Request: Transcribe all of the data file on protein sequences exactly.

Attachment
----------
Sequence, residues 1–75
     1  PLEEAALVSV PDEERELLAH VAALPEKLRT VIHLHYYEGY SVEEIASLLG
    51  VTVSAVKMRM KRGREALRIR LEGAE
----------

Sequence, residues 1–75
     1  PLEEAALVSV PDEERELLAH VAALPEKLRT VIHLHYYEGY SVEEIASLLG
    51  VTVSAVKMRM KRGREALRIR LEGAE